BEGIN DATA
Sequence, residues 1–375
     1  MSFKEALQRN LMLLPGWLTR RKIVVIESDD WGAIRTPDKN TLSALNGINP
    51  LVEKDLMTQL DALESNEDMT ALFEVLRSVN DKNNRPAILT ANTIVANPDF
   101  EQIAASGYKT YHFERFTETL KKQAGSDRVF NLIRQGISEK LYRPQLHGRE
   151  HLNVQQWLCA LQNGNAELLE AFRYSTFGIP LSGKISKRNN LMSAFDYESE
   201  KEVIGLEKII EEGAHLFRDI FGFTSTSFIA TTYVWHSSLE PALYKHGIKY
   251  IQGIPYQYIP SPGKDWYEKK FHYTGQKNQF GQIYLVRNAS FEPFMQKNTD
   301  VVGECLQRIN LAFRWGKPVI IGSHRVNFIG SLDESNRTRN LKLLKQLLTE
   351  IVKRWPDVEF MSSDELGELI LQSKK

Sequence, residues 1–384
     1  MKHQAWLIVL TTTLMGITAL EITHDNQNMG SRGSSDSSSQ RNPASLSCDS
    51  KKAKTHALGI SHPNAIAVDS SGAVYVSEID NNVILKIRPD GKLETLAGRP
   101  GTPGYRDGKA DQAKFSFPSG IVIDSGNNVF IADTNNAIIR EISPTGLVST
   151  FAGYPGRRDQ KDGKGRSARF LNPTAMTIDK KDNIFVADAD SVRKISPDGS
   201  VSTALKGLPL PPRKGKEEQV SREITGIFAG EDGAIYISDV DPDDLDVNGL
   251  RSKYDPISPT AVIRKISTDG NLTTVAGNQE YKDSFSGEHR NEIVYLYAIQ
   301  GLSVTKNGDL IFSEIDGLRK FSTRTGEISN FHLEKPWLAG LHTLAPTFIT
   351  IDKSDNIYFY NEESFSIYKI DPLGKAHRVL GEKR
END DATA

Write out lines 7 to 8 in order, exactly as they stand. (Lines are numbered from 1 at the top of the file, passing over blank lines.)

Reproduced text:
   251  IQGIPYQYIP SPGKDWYEKK FHYTGQKNQF GQIYLVRNAS FEPFMQKNTD
   301  VVGECLQRIN LAFRWGKPVI IGSHRVNFIG SLDESNRTRN LKLLKQLLTE